I was constantly watching the work of my father and mother, and the other professional painters who frequented their home, and constantly trying to imitate them; so that I learnt to think of a picture not as a finished product exposed for the admiration of virtuosi, but as the visible record, lying about the house, of an attempt to solve a definite problem in painting, so far as the attempt has gone. I learnt what some critics and aestheticians never know to the end of their lives, that no ‘work of art’ is ever finished, so that in that sense of the phrase there is no ‘work of art’ at all. Work ceases upon the picture or manuscript not because it is finished, but because sending-in day is at hand, or because the printer is clamorous for copy.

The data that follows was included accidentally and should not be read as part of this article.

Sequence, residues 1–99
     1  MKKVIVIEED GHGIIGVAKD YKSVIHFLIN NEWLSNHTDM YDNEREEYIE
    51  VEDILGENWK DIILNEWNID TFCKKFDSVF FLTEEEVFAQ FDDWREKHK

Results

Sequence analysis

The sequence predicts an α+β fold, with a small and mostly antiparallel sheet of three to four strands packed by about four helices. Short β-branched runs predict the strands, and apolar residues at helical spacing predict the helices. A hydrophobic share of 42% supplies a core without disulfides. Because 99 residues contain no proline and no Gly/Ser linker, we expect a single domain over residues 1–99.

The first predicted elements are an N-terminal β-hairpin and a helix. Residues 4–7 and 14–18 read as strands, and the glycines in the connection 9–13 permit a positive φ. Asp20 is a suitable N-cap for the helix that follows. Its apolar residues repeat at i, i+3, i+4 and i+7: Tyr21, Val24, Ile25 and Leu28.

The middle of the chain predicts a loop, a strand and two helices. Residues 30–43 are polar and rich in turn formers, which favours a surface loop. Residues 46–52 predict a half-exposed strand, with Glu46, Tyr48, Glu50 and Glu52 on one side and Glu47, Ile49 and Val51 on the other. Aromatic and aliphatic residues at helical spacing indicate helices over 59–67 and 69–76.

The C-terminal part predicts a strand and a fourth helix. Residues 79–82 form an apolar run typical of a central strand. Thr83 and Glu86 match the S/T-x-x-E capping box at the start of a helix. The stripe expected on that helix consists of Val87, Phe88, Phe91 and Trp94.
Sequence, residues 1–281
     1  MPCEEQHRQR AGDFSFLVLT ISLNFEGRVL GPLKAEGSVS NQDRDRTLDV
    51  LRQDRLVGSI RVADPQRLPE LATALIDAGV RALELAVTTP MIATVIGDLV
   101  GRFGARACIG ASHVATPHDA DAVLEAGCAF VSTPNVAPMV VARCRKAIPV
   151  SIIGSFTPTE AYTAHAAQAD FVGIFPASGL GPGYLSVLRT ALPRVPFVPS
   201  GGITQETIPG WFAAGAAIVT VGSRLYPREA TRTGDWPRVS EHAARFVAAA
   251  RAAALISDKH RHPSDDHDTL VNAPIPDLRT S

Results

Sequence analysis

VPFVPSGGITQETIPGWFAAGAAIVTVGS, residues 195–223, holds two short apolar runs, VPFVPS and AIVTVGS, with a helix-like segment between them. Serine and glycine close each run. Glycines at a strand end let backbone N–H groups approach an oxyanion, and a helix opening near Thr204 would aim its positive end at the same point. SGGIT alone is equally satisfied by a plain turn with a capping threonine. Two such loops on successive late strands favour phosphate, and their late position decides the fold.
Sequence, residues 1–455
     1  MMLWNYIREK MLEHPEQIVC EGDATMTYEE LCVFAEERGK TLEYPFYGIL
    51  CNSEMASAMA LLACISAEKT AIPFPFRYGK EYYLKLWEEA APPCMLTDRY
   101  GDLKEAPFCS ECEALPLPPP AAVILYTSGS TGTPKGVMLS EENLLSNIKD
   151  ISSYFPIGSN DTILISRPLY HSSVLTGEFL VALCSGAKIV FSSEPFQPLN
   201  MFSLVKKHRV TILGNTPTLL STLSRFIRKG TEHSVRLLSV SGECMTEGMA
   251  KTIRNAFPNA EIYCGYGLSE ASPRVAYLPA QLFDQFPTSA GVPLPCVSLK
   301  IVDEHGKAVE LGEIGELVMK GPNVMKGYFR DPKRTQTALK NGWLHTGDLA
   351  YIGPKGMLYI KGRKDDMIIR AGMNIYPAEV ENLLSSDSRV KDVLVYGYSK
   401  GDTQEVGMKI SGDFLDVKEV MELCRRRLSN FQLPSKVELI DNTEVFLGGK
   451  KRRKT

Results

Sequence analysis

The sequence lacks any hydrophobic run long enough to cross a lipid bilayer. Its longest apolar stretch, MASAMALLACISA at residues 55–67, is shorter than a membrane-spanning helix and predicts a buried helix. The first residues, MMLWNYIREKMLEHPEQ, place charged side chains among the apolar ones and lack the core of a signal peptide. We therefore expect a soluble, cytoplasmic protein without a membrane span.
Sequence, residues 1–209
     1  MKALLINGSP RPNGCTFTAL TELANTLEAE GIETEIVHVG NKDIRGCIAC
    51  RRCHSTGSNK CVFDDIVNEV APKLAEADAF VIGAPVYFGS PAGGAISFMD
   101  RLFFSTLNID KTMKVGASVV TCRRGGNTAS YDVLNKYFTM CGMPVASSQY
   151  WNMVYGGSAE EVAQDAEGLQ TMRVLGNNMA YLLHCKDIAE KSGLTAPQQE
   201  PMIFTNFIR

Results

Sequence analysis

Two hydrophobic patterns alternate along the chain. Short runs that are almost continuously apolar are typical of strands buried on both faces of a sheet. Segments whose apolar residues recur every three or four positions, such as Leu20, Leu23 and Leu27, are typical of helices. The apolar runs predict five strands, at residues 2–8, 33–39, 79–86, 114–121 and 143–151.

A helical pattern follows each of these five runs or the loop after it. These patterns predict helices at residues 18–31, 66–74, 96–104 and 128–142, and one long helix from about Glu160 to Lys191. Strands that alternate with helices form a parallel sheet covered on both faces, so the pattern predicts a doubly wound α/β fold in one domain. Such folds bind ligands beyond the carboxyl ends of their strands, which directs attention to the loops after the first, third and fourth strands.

—R.G. Collingwood, The Principles of Art (Oxford Univ. Press, 1958)